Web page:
Coffee on the Go
The Lucky Coffee Trailer hits the road
For SAVANNAH LOGAN, coffee shops are more than just a caffeine fix.
She realized after working in, then managing a coffee shop in the Wilmington area, that the environment was refreshing.
“Customers became regulars, then became friends – and they brought their dogs,” Logan says with a laugh.
Logan’s family moved a lot when she was young until settling in Wilmington, where she finished high school. The once-shy teenager found her community.
“I enjoyed the human connection and really came out of my shell,” she says.
When the pandemic forced the shop to close temporarily, Logan was miserable. She knew she didn’t want to pursue a typical office job.
“I love to work towards something that is going to benefit myself and others, something that has an authentic human connection. I enjoy being outdoors and I wanted the freedom to travel, meet people, and explore a creative career path,” Logan says.
She noticed business was booming for food and beverage trucks, so she researched coffee trailers, pinned ideas on Pinterest, and saved money while managing the coffee shop after it reopened.
By March, Logan’s dream had been brewing for a while, and she was ready to start her own business.
Logan and her boyfriend, Wesley, did all the work themselves to convert a 5’x10’ trailer into a traveling coffee bar – complete with 100-year-old shiplap wood siding, a folding bar, sink, stainless steel table, refrigerator, and a water dispenser.
They found most of their materials secondhand – the shiplap from her boyfriend’s father and the sink from a home goods resale store. Logan painted a cheerful mural on the brilliant dark blue exterior.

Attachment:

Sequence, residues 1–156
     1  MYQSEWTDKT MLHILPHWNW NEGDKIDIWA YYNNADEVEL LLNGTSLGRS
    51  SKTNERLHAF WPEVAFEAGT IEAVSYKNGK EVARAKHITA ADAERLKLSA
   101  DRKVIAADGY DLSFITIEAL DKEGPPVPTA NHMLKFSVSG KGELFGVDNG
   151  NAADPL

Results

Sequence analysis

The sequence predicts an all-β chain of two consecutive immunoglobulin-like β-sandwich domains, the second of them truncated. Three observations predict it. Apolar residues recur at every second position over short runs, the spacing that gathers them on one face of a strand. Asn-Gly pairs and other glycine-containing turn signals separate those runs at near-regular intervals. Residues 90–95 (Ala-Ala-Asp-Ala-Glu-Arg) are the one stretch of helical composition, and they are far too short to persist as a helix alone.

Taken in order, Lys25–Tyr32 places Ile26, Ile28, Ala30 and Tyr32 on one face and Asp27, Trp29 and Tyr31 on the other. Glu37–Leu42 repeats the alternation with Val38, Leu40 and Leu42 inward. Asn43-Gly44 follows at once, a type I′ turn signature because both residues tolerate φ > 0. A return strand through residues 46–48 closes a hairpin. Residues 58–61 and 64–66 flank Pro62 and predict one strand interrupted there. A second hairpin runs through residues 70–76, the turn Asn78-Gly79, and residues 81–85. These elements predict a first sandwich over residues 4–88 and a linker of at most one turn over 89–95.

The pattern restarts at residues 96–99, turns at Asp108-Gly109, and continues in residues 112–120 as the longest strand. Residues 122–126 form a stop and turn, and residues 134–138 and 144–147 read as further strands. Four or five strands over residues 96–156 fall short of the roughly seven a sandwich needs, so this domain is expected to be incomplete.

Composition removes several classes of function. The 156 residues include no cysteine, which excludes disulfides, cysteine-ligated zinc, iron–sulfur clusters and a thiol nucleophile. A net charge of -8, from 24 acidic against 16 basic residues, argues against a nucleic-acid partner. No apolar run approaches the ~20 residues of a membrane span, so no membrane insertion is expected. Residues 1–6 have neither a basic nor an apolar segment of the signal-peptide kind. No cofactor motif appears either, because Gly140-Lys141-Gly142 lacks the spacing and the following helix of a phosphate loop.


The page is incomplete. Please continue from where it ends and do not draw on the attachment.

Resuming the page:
She dubbed her new endeavor the Lucky Coffee Trailer, named after Lucky, her family’s seventeen-year-old dog, a spoiled beagle/ Australian shepherd mix.
“I’m also pretty superstitious. I believe in knocking on wood and manifesting what you want,” Logan says.
Two months later, it was time to debut Lucky at MegaCorps Logistics, where Logan’s mother works.
“I was very nervous,” Logan says. It was a success and soon the Downtown ILM Night Market asked her to be a vendor. Word quickly spread, and Logan now hooks the trailer up to her Subaru Outback and shares her love of human connections and coffee at offices, markets, and events all around town.
“After being inside so much during the shutdown, people just want to be outside,” she says. “I am just excited to take it to … anywhere and everywhere.”
Sustainability and affordability are important to Logan, so she sources her coffee from Counter Culture Coffee, a wholesale specialty coffee roaster founded in 1995 in Durham.
Counter Culture focuses on supply chain sustainability and provides wholesale partners with educational programs on coffee brewing, origin, and history.
“I also want to maintain reasonable coffee prices,” Logan says. “It’s not all about the money. I want to share an experience – and coffee – with others.”
Pricing products and creating her own website were a challenge for Logan. But working in such a small space might be the most difficult.
She stays organized by storing supplies in bins in her car. Then she assembles and disassembles the coffee bar on-site. Logan continues to learn a lot about how to run a business.
“I’m giving myself grace and room to grow,” she says, adding that she enjoys the flexibility of being her own boss. “It’s given me time to reconnect with old friends. Now my friend Emily, who sells plants, and I work markets together.”
As for the future, Logan hopes to own a brick-and-mortar coffee shop one day.
“It’s hard,” she says, “but none of it feels like work.”
To view more of photographer Terah Wilson’s work, go to terahwilson.com.
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